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Matti Hero, Carina Ankarberg-Lindgren, Marja-Riitta Taskinen, and Leo Dunkel

Objective: In males, the pubertal increase in sex hormone production has been associated with proatherogenic changes in lipid and carbohydrate metabolism. Aromatase inhibitors, a novel treatment modality for some growth disorders, may significantly influence these risk factors for cardiovascular disease by suppressing oestrogen biosynthesis and stimulating gonadal androgen production. In the current study, we explored the effects of aromatase inhibition on lipid metabolism, insulin sensitivity, body composition and serum adiponectin in peripubertal boys.

Design: Prospective, double-blind, randomised, placebo-controlled clinical study.

Methods: Thirty-one boys, aged 9.0–14.5 years, with idiopathic short stature were treated with the aromatase inhibitor letrozole (2.5 mg/day) or placebo for 2 years. During the treatment, the concentrations of sex hormones, IGF-I, lipids, lipoproteins and adiponectin were followed-up. The percentage of fat mass (FM) was assessed by skinfold measurements and insulin resistance by homeostasis model assessment (HOMA) index.

Results: In pubertal boys, who received letrozole, high-density lipoprotein cholesterol (HDL-C) decreased by 0.47 mmol/l (P<0.01) during the study. Simultaneously, their percentage of FM decreased from 17.0 to 10.5 (P<0.001), in an inverse relationship with serum testosterone. The concentrations of low-density lipoprotein cholesterol, triglycerides and HOMA index remained at pretreatment level in both groups. Serum adiponectin decreased similarly in letrozole- and placebo-treated pubertal boys (2.9 and 3.3 mg/l respectively).

Conclusions: In males, aromatase inhibition reduces HDL-C and decreases relative FM after the start of puberty. The treatment does not adversely affect insulin sensitivity in lean subjects.

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Juho Kärkinen, Päivi J Miettinen, Taneli Raivio, and Matti Hero

Objective:

To describe the etiology of severe short stature in the Helsinki University Hospital district covering a population of 1.2 million that is subject to frequent growth monitoring and screening rules during childhood.

Design:

Retrospective cohort study.

Methods:

We identified all subjects born 1990 or later with a height SD score <−3, after the age of 3 years, from the Helsinki University Hospital district growth database. A total of 785 subjects (376 females and 409 males) fulfilled our inclusion criteria; we reviewed their medical records and growth data and report their underlying diagnoses.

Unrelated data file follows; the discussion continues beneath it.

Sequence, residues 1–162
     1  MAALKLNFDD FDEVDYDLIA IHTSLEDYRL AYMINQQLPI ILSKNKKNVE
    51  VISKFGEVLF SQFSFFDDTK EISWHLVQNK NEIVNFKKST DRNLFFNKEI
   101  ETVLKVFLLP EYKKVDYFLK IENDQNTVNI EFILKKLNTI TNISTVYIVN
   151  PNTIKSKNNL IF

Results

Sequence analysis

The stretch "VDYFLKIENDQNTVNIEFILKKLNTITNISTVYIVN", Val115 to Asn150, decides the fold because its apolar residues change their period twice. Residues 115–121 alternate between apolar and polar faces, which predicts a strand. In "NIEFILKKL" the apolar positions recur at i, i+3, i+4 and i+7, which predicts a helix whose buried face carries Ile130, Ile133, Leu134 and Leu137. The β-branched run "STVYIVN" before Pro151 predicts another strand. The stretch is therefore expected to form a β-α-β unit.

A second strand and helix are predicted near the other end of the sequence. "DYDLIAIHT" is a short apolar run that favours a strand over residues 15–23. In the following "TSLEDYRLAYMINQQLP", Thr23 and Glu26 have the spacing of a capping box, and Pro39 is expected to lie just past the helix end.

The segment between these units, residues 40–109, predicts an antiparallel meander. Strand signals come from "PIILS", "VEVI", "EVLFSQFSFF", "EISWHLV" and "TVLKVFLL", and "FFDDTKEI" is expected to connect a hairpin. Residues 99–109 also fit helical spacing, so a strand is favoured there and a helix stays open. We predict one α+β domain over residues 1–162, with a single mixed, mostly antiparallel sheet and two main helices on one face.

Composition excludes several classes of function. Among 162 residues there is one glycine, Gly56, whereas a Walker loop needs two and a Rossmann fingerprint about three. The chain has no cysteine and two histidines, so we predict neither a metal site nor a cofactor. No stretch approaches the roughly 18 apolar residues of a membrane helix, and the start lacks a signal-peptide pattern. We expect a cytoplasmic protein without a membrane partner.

Results:

A pathological cause for short stature was diagnosed in 76% of the girls and 71% of the boys (P = NS). Syndromes were the most numerous pathological cause (n = 160; 20%), followed by organ disorders (n = 127; 16%), growth hormone deficiency (GHD, n = 94; 12%), SGA without catch-up growth (n = 73; 9%), and skeletal dysplasias (n = 57; 7%). Idiopathic short stature (ISS) was diagnosed in 210 (27%) subjects. The probability of growth-related pathology, particularly of a syndrome or skeletal dysplasia, increased with the shorter height SD score and the greater deviation from the target height. Sitting height to height SDS was increased in subjects with ISS, GHD, and SGA (all P < 0.01).

Conclusions:

Height <−3 SDS after 3 years of age usually results from a pathological cause and should be thoroughly investigated in specialized health care. The chance of finding a specific etiology increased with the severity of short stature, and the mismatch with target height.

Free access

Tero Varimo, Leo Dunkel, Kirsi Vaaralahti, Päivi J Miettinen, Matti Hero, and Taneli Raivio

Objective

Makorin ring finger protein 3 (MKRN3) gene restrains the hypothalamic–pituitary–gonadal axis. In girls, peripheral levels of MKRN3 decline prior to the onset of puberty. We described longitudinal changes in serum MKRN3 levels in boys before and during puberty and assessed the effect of inhibition of estrogen biosynthesis on MKRN3 levels.

Design

Longitudinal serum samples from a double-blind, randomized controlled study in 30 boys (age range: 9.1–14.2years) with idiopathic short stature who received placebo (Pl; n=14) or aromatase inhibitor letrozole (Lz; 2.5mg/day; n=16) for 2years.

Methods

We analyzed the relationships between serum MKRN3 and clinical and biochemical markers of puberty by using summary measures.

Results

Serum MKRN3 declined by 669±713 pg/mL per year (P<0.001). This change was biphasic, as the levels decreased during Tanner genital stage G1 (–2931±2750 pg/mL per year) and plateaued thereafter (–560±1510 pg/mL per year) (P<0.05). During G1, MKRN3 levels in Lz-treated subjects decreased slower than in Pl-treated boys (–782±3190 vs –2030±821 pg/mL per year, P<0.05). The decrease in serum MKRN3 levels in G1 was associated with increases in LH (r=–0.5, P<0.01), testosterone (r=–0.6, P<0.01), and inhibin B (r=–0.44, P<0.05) (n=26).

Conclusion

Peripheral MKRN3 levels in boys appear to serve as a readout of the diminishing central inhibition that controls the onset of puberty.